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protocol 10-24-2011 11:40 AM

Awk - How to print match instead of whole line
 
I wish to use awk in order to extract email addresses from a log file. I wrote the proper regular expression, however it prints the whole line, while i want it to only print the match (in my case, the email address). Can it be done?

Here is my code:

tail -f /var/log/mail.log | awk '/\ to=([^@]+@[^,:]+)/ { print $7 }'

... where $7 is useless for my goal, it only serves as something to print during testing.

Please assist.

Panos

crts 10-24-2011 11:58 AM

Hi,

please provide some sample data. It is hard to guess what is wrong without seeing the input and output.

protocol 10-24-2011 12:25 PM

Of course.

A standard line from my mail server's log looks like this:

Code:

Oct 24 19:20:27 server postfix/pipe[31099]: 236041EA4AC0: to=<g.pavlakis@domain.com>, relay=dovecot, delay=0.81, delays=0.8/0/0/0.01, dsn=2.0.0, status=sent (delivered via dovecot service)
I wish to extract the :

Code:

g.pavlakis@domain.com
however, the awk line i posted will print the seventh segment of the line (which sometimes indeed contains the mail address, but sometimes it does not - for example, postfix might add a couple more segments to the line, making the seventh segment irrelevant). So, what i really need, is for postfix to print what it actually matches, not the nth segment or the complete line that contains the match.

crts 10-24-2011 01:03 PM

Well, you can surely do this with awk. However, how about a sed solution? It is a bit easier in this case since it is RegEx oriented while awk is field oriented. This worked with your sample:
Code:

sed -r 's/.*to=<([^>]*)>.*/\1/'
This assumes that the address will be inside to=<user@domain>. Also, I notice that you are posting from a Mac in your profile column on the left. If you want to do this on a Mac then we will have to change the sed a bit since the above solution requires GNU sed and as far as I know it is not available by default on a Mac.

protocol 10-24-2011 01:07 PM

Quote:

Originally Posted by crts (Post 4506775)
Well, you can surely do this with awk. However, how about a sed solution? It is a bit easier in Also, I notice that you are posting from a Mac in your profile column on the left. If you want to do this on a Mac then we will have to change the sed a bit since the above solution requires GNU sed and as far as I know it is not available by default on a Mac.

Thanks for noticing: it is something i work on a Linux machine i have at the office (i am connected to it via SSH). So it is not for the Mac.

Will your sed solution allow me to assign the found/matched email address to some variable and call an external script for further processing? I mean, after i find the address, i was thinking that perhaps i could "post" it to some other script for e.g. inserting it in a database or something. Is that possible?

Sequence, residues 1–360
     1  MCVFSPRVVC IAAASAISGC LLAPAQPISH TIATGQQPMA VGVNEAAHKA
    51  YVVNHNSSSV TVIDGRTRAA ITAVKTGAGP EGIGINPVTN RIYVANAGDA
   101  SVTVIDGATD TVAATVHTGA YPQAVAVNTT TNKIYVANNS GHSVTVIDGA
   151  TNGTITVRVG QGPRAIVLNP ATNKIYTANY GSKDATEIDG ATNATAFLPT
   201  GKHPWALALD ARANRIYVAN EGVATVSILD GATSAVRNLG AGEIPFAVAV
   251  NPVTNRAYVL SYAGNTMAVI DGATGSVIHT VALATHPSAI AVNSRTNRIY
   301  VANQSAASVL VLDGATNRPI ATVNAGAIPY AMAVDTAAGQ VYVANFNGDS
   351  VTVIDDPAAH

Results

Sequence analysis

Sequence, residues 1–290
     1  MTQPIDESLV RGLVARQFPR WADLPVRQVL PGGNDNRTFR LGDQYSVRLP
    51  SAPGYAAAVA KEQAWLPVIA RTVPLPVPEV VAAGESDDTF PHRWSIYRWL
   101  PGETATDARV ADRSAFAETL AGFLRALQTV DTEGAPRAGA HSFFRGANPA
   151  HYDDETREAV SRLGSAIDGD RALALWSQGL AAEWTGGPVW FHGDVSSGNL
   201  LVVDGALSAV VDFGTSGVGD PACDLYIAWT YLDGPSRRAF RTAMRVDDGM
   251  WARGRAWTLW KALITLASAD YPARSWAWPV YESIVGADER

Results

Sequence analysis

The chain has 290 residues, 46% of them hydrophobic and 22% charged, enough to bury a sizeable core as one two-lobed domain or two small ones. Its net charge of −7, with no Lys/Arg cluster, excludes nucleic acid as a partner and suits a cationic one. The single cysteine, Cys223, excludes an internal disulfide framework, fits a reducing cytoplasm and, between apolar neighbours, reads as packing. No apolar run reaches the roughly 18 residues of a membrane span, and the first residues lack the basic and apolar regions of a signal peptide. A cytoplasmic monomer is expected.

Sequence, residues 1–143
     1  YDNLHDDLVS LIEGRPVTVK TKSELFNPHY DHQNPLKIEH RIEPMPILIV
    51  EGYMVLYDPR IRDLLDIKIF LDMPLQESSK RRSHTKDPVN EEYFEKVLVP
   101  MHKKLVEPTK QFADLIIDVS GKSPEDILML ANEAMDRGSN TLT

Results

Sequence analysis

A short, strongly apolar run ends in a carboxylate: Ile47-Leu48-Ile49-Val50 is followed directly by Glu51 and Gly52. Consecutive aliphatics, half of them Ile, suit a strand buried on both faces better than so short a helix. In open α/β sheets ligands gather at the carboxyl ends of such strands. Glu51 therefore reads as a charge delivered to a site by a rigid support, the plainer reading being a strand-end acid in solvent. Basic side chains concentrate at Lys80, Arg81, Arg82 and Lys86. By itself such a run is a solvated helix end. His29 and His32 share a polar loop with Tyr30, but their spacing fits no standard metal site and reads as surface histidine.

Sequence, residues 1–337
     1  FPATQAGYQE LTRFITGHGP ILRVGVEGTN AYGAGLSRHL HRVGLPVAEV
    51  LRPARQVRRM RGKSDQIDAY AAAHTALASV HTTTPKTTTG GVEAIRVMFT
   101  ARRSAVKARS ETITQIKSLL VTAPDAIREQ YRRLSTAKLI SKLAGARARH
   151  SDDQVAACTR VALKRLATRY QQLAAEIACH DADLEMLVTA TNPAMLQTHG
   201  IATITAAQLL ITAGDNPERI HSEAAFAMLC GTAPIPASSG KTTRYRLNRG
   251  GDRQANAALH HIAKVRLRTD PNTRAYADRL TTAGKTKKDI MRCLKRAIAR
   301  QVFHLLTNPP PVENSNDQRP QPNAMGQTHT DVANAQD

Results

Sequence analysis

crts 10-24-2011 01:14 PM

Quote:

Originally Posted by protocol (Post 4506779)
Will your sed solution allow me to assign the found/matched email address to some variable and call an external script for further processing? I mean, after i find the address, i was thinking that perhaps i could "post" it to some other script for e.g. inserting it in a database or something. Is that possible?

Sure. Just call it like
Code:

variable=$(sed -r 's/.*to=<([^>]*)>.*/\1/' filename)
Notice, that there mustn't be any space between variable and the command substitution $().

protocol 10-24-2011 01:20 PM

Lovely.

One thing though.. i run your see code, along with my tail -f (contained in the original one-liner i posted) and it behaves as follows:

a) The first time it matches.. yes it prints the email address alone.
b) All subsequent times it matches, it prints the complete log line that contains the match, exactly as my faulty awk was doing.

Did i miss something? The whole point is that it keeps extracting email addresses as they appear in the log files, in real time.

Panos

crts 10-24-2011 01:26 PM

Quote:

Originally Posted by protocol (Post 4506794)
Lovely.

One thing though.. i run your see code, along with my tail -f (contained in the original one-liner i posted) and it behaves as follows:

a) The first time it matches.. yes it prints the email address alone.
b) All subsequent times it matches, it prints the complete log line that contains the match, exactly as my faulty awk was doing.

Did i miss something? The whole point is that it keeps extracting email addresses as they appear in the log files, in real time.

Panos

Nope, you did not miss anything. By default, sed prints the entire line. A small modification will correct this:
Code:

variable=$(sed -nr 's/.*to=<([^>]*)>.*/\1/p' filename)
The -n option tells sed to not print anything unless specifically instructed to. The 'p' flag at the end of 's///' does exactly that. It only prints when the 's///' command makes a substitution.

protocol 10-24-2011 01:30 PM

Sincere thanks.
Problem SOLVED.


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